Glasgow Kinship support groups have responded to the Scottish Government’s consultation on the proposed Kinship Order suggested in the Children and Young People Bill. The responses point out the need to address the discrimination that currently exists against children in Kinship Care and ensure that more, not less, children in Kinship Care are able to access support, services and allowances to provide the very basics to the vulnerable children in their care. The responses highlight that:
* Access to the proposed Order and allowances, support and benefits that should come with it must be available to non-looked after as well as looked-after children. Services and support must follow the child rather than the placement. (ie no matter what legal order the child is under they still get help if they need it).
* Though there should be the option for more parental rights and less statutory involvement if that’s what the Kinship family want and the child is happy and settled, social work should remain as a support when needed for example with contact time with parents etc.
* The proposed Kinship Order must come with a legal obligation to provide support to the child. This should include financial allowance, psychological and educational services and respite for the kinship carers.
The Scottish Government have launched a new Children and Young People bill which contains a section on Kinship Care. This could mean big and potentially very positive changes for children in Kinship Care and the carers, but the bill is still in early stages and it is not clear exactly how it will translate into policy and real support yet.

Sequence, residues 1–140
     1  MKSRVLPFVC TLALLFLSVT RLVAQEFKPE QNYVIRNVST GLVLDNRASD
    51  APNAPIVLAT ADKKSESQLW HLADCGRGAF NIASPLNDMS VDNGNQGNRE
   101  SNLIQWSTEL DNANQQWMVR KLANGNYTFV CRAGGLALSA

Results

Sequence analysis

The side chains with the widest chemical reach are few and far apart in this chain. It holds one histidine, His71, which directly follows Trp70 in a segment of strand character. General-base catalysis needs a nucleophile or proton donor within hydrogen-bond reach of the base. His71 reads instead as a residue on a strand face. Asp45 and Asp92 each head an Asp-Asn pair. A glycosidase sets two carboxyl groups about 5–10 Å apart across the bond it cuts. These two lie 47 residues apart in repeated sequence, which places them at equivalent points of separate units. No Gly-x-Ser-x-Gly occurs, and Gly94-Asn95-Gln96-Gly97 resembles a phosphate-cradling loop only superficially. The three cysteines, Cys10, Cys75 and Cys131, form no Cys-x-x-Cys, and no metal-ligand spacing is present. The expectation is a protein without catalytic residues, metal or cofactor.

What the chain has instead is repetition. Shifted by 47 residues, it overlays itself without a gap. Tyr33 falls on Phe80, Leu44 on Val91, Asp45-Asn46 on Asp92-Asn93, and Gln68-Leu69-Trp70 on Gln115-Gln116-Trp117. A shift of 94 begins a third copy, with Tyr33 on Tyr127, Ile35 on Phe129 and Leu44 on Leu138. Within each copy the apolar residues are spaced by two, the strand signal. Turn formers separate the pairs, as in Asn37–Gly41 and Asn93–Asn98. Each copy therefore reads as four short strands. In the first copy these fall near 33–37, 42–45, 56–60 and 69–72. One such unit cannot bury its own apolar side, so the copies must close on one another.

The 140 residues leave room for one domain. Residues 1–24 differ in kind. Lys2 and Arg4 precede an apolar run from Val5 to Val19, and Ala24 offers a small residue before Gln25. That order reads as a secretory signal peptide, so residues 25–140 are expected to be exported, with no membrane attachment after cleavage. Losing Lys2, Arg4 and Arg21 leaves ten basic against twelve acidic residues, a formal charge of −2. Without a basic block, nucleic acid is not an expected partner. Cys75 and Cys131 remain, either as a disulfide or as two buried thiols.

You can see the full bill here . The Kinship section begins at para 149.
It includes proposals to remove the complicated system of different legal orders currently in place, and the unjust differentiation between formal and informal kinship care which depends on the level of Social Work involvement in placing the child, and replace them with one Kinship Order. This would theoretically be available to all kinship carers but would require some assessment of need and suitability by the local authority. Groups across Glasgow will be feeding in to the consultation and we’ll be raising our concerns about how assessment and awarding of the order are carried out. If the bar is set too high many excellent and loving carers will be excluded. If it is set at a fair level there will be a large increase in demand from carers in need and we hope they will be ready for this and able to back it financially.
On Thursday 26th April Kinship Carers in Glasgow and Edinburgh demonstrated at Council Chambers demanding justice and asking council candidates to sign four pledges to support the vulnerable children in their care.
See our press release below..
Kinship Carers demand justice outside Glasgow City Chambers, April 2012.
ACROSS SCOTLAND KINSHIP CARERS TAKE TO THE STREETS DEMANDING JUSTICE
Kinship Carers demonstrate to demand that local election candidates agree to their national manifesto.
36 Council candidates from all main parties meet with carers in Glasgow and Edinburgh.
Basic support for vulnerable Kinship children still not in place after years of campaigning.
Grandparents from across Scotland took to the streets today unperturbed by the rain, demanding that council election candidates from all parties sign a pledge to support vulnerable children living with non-parental family and friends.
We are the national network of Kinship Care groups across Scotland. We are a grassroots organisation run by Kinship Carers, formed to campaign for basic rights and justice for the vulnerable children in our care. To find out about our plight look at About Kinship and Our Stories. Read Justice for Kinship Kids for information on our long running campaign and demands for equality, and read relevant news here on the front page. To find out about Kinship Care support groups or support our campaign please Contact us.